Nevada Legislature Could See Big Shake-Up

By: AP
By: AP

Tuesday's primary results bring to 13 the number of incumbent Assembly and Senate members who won't return to their old seats - and the November second general election is likely to push the count higher.
But a dozen incumbents would have to lose in November to equal
the turnover seen in the 1990 elections, which resulted in 25
newcomers in the Assembly and Senate. That included two new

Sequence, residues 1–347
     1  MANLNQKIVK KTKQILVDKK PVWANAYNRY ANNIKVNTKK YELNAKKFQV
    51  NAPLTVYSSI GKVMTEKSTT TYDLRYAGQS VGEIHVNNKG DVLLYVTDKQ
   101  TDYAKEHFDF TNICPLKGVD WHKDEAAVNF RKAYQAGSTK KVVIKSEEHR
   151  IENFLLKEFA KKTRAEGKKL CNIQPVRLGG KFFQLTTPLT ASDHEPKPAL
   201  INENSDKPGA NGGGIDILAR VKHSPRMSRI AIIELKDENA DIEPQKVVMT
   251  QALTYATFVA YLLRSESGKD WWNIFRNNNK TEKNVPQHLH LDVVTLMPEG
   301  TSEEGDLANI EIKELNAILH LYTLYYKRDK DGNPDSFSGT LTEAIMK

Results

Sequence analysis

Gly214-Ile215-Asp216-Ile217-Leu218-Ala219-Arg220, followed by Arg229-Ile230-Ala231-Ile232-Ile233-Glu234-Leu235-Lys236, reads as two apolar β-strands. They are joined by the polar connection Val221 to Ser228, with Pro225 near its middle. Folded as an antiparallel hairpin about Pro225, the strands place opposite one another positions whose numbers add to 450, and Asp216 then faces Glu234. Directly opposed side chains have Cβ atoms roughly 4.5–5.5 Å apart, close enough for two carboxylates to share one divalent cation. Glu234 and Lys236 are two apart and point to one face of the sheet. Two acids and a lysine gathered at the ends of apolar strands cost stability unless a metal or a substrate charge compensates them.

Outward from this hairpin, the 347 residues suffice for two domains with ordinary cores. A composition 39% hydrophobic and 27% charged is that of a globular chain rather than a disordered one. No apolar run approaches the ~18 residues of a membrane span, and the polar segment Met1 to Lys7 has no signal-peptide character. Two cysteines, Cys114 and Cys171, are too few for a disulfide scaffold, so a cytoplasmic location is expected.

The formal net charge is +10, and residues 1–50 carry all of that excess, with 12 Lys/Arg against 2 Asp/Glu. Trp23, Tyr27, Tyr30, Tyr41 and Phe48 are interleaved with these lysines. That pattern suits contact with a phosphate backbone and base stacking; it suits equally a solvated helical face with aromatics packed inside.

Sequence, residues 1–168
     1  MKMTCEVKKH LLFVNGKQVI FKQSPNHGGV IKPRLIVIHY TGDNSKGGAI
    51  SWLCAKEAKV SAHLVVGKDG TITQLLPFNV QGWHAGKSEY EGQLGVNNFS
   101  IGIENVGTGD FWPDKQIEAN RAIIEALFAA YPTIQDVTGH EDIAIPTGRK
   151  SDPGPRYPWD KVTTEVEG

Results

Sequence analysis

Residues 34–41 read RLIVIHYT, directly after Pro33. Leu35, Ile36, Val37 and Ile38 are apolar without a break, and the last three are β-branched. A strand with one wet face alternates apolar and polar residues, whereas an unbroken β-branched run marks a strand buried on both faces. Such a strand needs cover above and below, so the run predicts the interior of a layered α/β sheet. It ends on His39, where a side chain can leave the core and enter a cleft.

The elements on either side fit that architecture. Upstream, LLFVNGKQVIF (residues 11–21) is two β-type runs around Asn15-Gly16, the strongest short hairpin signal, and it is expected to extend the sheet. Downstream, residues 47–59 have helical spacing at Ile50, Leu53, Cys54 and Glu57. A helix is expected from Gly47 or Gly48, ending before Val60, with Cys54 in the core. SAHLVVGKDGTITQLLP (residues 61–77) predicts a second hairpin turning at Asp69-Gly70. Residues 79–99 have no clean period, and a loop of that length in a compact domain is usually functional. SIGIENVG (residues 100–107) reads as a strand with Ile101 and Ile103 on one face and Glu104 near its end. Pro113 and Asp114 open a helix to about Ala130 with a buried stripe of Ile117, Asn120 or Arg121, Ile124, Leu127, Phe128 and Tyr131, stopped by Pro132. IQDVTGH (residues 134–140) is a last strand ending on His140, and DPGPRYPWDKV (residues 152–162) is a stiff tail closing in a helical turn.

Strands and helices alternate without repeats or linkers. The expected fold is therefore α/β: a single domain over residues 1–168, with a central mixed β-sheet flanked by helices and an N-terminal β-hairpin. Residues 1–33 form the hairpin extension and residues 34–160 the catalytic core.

senators who moved up from the lower house.
The 1990 change, the largest in at least two decades, was caused
mainly by a "throw 'em out" attitude among voters upset over the
1989 Legislature's controversial 300 percent increase. The pension
plan was quickly repealed - but not before it inflicted heavy
political damage.
Public antipathy toward the record 833 million-dollar tax
increase passed by lawmakers in 2003 was viewed by some as a basis for another sea change, but Tuesday's primary results showed just four incumbents losing: Senators Ray Rawson and Ann O'Connell, both Las Vegas Republicans; and Assemblymen Wendell Williams, a Las Vegas Democrat, and Jason Geddes, a Reno Republican.


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